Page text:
A retrospective study of 73 consecutive patients who underwent cervical corpectomy
and anterior strut fixation over 3 or more disc levels between July 1989 and May 1999.
To compare the efficacy of cervical spine fixation by autologous strut graft
from iliac crest or fibula versus
a titanium prosthesis without bone graft.
Summary of Background Data.
Strut grafting after multilevel anterior cervical corpectomy
remains a challenging procedure, with published dislocation rates from 0% to 71%, and nonunion from 0% to 54%. This paper describes a quicker and easier alternative to the use of a bone strut, imparting a very high degree of immediate spinal stability, and osseous integration equivalent to bone fusion.
Thirty-eight bone-graft operations and 38 titanium prosthesis operations were performed on 73 patients between July 24, 1989 and May 20, 1999. Average follow-up was 53.2 months (range 19.8–134).
The group of patients who received the prosthesis was significantly older than the bone-grafted group and required significantly more segments excised, but operation times were significantly shorter than for the bone strut operation. The titanium prosthesis had a lower incidence of dislodgement in the early postoperative period (1/38 vs.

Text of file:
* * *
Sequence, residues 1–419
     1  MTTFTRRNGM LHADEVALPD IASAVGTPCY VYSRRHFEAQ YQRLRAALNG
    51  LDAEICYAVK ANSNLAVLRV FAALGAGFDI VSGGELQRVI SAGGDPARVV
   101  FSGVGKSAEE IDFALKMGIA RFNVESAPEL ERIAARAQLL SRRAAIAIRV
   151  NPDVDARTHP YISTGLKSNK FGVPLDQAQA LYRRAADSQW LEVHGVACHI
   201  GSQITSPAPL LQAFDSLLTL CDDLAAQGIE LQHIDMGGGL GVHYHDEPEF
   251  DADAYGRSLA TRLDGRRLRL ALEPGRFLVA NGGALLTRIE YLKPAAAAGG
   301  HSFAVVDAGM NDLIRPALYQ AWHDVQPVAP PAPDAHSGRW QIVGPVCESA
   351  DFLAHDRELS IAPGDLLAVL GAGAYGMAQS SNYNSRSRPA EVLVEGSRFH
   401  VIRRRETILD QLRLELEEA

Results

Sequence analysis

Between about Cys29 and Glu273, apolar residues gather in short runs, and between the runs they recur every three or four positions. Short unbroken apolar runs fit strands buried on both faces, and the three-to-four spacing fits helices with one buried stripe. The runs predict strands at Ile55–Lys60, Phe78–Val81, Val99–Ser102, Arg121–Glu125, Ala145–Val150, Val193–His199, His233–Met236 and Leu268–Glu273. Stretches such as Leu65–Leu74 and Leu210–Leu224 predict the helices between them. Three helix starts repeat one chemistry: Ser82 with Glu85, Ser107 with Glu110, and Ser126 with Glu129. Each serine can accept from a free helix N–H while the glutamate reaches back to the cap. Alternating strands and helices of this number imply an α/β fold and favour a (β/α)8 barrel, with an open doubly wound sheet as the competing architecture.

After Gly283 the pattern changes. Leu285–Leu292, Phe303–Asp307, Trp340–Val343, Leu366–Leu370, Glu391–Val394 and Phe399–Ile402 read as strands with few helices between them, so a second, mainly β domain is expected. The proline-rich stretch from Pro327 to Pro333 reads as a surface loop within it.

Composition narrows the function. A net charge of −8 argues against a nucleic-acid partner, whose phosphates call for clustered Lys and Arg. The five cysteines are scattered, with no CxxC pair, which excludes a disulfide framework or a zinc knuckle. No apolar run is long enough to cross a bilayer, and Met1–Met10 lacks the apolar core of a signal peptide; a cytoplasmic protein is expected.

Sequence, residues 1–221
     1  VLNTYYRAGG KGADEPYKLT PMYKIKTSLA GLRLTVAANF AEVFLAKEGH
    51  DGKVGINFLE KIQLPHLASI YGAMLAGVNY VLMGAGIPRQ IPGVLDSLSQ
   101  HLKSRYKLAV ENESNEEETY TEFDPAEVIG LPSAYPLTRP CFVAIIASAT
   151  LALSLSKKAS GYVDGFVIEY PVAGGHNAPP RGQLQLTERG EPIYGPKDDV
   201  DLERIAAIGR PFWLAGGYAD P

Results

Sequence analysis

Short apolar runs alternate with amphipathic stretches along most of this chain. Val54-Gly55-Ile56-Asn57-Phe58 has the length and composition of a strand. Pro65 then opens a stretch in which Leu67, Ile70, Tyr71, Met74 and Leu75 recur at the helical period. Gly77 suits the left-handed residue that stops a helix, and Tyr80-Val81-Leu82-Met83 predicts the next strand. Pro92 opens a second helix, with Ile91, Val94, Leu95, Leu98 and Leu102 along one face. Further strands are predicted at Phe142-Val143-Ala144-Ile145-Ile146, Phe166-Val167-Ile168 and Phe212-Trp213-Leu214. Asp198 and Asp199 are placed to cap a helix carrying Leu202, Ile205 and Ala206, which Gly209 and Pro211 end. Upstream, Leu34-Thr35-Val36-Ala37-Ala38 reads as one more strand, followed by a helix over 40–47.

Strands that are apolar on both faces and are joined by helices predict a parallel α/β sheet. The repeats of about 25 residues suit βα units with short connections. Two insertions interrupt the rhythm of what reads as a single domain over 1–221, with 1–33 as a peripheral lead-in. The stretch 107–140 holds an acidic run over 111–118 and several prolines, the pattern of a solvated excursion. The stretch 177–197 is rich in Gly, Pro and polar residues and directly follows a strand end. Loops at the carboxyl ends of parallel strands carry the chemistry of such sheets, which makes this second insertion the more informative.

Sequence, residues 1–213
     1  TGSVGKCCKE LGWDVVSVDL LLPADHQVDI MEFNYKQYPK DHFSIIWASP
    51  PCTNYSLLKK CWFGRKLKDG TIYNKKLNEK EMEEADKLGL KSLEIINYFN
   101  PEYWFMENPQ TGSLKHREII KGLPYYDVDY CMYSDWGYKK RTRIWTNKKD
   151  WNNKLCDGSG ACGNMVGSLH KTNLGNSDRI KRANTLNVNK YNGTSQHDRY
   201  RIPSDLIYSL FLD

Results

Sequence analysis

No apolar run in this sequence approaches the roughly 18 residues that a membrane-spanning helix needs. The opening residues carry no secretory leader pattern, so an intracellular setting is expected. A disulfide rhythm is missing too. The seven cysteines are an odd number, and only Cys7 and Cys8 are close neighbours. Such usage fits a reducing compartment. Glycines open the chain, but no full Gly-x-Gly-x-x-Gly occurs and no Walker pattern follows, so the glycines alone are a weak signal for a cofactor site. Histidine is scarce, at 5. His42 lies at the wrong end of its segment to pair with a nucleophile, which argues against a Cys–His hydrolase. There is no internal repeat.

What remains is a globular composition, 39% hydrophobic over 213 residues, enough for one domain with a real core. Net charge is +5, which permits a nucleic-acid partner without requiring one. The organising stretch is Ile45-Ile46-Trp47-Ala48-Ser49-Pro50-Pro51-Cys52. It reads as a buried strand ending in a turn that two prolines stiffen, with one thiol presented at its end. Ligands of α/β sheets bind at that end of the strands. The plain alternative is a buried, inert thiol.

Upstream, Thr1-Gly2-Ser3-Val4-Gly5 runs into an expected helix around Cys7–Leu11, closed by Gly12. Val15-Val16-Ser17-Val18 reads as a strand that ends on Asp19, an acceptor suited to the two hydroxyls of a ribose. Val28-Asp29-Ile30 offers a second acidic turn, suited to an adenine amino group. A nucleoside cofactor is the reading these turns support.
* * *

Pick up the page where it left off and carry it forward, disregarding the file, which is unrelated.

4/38 for bone struts) but a higher rate of late reoperation (4/38 vs.
1/38 for bone struts). The SF-36 scores in the domain of Physical Function (only) were significantly higher in the bone-grafted group (P
= 0.016, Mann Whitney), consistent with the difference in mean ages of the 2 groups. The groups were indistinguishable by Odom criteria, patient verdict, pain scores, analgesic intake, length of hospital stay, radiologic fusion rate, and residual symptoms.
A titanium rod and buttress prosthesis may be a faster and easier alternative to conventional iliac crest/fibula autograft after multisegmental cervical vertebral corpectomy